Fresh hope that Indonesia would allow western journalists and observers freely into its most troubled province, West Papua, appear to be unfounded because the central government has not changed its restrictive stance.
The governor of Papua province, Lukas Enembe, said on Wednesday that he wanted to welcome reporters and non-government organisations to the area.
“There’s nothing that needs to be covered up. That would only raise questions. They can see the development we have made and inform others that Papua is a safe place,” he said, as quoted by the Jakarta Globe newspaper.
His promise was immediately seized upon by Australian Greens Senator Richard Di Natale, part of the Parliamentary Friends of West Papua group.
He said he had been planning to visit the area anyway, and, in the wake of the Governor’s comments he would “invite a delegation of journalists and human rights representatives to join me on the trip”.
But the hope for fresh openness was quickly squashed by the central government in Jakarta, which still requires journalists to apply for special permits to go to the province, and to take secret police officers with them of they are approved.
Journalists must apply to the Indonesian department of foreign affairs for special permission to travel, giving all information about who they will interview, when and where.
Their application is then considered on a Thursday evening in what’s called the “Clearing House” meeting involving 18 different Indonesian government departments, including police and military forces.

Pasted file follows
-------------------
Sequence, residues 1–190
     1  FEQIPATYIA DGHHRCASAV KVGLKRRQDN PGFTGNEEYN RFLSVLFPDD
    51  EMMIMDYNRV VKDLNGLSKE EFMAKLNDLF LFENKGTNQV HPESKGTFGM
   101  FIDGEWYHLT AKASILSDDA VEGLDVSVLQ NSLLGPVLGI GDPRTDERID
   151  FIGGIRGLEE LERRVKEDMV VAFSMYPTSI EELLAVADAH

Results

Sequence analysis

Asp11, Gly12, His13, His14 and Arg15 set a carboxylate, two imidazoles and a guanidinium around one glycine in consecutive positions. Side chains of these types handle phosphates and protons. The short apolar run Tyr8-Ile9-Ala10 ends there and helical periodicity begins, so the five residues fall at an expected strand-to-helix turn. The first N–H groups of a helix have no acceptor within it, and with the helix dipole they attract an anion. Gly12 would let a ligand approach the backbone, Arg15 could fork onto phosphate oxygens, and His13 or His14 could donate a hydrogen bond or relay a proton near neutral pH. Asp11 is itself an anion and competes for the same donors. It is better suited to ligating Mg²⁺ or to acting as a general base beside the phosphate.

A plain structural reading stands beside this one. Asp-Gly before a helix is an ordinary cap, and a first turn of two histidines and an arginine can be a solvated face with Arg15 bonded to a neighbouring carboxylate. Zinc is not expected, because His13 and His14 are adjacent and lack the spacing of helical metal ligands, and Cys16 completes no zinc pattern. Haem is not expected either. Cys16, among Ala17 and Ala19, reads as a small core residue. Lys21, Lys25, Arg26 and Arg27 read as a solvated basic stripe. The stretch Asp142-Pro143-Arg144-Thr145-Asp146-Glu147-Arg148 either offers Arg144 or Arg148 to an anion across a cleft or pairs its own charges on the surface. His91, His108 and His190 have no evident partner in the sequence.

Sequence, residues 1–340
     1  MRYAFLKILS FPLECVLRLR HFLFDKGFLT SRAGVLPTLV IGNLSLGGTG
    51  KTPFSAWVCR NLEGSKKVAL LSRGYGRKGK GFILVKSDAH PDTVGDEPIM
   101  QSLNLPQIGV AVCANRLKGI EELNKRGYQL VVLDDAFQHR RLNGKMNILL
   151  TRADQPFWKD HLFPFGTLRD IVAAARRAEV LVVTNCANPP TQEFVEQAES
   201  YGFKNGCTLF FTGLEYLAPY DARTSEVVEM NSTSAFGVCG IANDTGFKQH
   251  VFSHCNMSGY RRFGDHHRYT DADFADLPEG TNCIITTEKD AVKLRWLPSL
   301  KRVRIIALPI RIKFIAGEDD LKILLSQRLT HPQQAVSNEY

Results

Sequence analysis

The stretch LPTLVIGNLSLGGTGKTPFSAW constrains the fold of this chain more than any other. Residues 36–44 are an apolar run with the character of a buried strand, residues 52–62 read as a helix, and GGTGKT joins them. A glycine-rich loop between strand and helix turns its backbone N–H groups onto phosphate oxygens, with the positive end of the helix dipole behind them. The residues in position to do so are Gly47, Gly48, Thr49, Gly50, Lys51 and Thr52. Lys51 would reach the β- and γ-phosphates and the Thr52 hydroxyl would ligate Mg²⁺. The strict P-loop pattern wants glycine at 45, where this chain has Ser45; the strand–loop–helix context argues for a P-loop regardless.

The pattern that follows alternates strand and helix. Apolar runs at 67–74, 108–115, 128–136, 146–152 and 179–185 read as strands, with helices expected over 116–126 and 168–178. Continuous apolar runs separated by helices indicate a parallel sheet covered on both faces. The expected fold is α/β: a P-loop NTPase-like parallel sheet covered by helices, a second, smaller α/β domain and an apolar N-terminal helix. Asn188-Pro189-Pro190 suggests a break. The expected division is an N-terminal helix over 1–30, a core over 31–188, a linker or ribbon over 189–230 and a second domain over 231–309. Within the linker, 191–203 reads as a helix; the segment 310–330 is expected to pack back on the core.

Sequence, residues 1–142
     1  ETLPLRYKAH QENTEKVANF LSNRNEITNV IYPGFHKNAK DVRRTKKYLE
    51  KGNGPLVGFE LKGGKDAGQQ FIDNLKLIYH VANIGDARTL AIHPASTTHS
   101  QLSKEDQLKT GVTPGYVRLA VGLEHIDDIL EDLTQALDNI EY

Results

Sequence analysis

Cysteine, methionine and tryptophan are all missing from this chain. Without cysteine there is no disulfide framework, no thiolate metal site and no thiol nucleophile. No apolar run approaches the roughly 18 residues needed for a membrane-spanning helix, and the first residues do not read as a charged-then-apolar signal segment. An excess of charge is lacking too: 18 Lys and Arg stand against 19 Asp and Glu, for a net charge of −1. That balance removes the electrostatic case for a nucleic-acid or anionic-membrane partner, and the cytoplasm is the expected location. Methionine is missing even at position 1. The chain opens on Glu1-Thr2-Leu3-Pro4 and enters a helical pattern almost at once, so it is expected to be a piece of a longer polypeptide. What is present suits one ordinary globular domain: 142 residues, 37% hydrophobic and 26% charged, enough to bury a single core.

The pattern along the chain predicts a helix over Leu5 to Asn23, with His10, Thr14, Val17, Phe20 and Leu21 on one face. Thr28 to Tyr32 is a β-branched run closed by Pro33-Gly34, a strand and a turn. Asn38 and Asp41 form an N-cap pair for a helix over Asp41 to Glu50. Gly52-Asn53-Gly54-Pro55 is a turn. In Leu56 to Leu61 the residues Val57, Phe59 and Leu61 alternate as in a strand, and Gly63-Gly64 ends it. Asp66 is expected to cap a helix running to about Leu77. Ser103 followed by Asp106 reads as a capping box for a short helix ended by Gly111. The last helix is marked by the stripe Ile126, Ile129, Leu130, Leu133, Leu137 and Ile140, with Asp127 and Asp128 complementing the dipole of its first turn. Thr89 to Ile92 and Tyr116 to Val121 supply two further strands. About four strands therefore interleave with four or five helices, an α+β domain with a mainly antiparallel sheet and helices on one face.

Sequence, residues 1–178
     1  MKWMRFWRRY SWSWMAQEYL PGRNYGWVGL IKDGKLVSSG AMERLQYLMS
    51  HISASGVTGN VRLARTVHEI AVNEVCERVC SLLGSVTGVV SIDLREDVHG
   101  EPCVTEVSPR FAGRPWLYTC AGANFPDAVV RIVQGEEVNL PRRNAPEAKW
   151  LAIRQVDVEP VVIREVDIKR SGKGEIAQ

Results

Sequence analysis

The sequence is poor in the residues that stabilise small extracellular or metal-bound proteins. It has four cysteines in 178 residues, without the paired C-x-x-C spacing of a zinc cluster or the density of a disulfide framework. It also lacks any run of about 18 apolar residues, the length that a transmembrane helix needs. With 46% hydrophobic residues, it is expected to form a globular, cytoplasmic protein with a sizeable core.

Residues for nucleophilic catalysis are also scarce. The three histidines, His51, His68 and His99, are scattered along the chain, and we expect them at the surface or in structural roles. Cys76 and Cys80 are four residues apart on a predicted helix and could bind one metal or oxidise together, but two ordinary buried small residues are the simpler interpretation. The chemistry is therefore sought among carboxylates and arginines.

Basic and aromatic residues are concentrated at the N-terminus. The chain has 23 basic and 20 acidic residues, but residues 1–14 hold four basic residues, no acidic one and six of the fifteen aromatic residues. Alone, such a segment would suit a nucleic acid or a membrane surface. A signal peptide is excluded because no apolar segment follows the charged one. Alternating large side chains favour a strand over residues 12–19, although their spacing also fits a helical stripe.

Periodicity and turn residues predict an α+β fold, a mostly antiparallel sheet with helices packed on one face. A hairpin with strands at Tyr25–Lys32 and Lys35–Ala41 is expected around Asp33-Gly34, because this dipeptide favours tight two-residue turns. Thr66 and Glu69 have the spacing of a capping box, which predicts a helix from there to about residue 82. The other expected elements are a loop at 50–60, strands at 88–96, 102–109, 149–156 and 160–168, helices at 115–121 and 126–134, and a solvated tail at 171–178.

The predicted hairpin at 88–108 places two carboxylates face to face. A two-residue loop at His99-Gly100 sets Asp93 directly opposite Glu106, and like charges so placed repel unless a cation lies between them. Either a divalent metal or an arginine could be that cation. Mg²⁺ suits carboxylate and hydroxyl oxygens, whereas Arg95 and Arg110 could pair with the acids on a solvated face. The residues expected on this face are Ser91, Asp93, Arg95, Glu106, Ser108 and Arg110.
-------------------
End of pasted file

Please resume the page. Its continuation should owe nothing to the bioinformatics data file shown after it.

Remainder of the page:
Many applications for travel features to the Raja Ampat diving site are approved, but most applications for serious reportage are rejected.
Fairfax Media has confirmed with the Indonesian department of foreign affairs that nothing has changed, despite Mr Lukas’s comments, and the “clearing house” process remains the only legal route to Papua.
Journalists who travel without permission face being put on a black-list banning them from future visits to Indonesia, and western correspondents who are resident in Indonesia confront the possibility that their immigration status may be revoked.
Even the International Committee for the Red Cross has been banned from the province.
Mr Lukas does not have the power to overturn the policy of the central government. His province is represented at the clearing house meeting by the Home Affairs ministry.
However, the comments by Mr Lukas, who was elected in April, could be construed as a welcome change of tone: “Please, come to Papua, it’s open for everyone”, he said.
And Ruben Magai the head of Commission A, which is responsible for mass media, at the Papuan parliament also urged the central government to ease up on the process, saying: “If security is the reason I don’t think Papua is in some kind of war state or something like that nowadays.”
But western journalists have been assured on numerous occasions in the past that permission to travel will be forthcoming, and those promises have, in the past, turned out to be largely false.
Indonesian security forces have been involved in a low-level conflict with Papuan separatist organisations since the area was annexed into Indonesia in 1969 in a vote widely seen as a shame by international monitors.
Disclosure: Michael Bachelard applied and was one of the few to receive permission to travel to West Papua in January 2013. He produced this story and this story.
- Sydney Morning Herald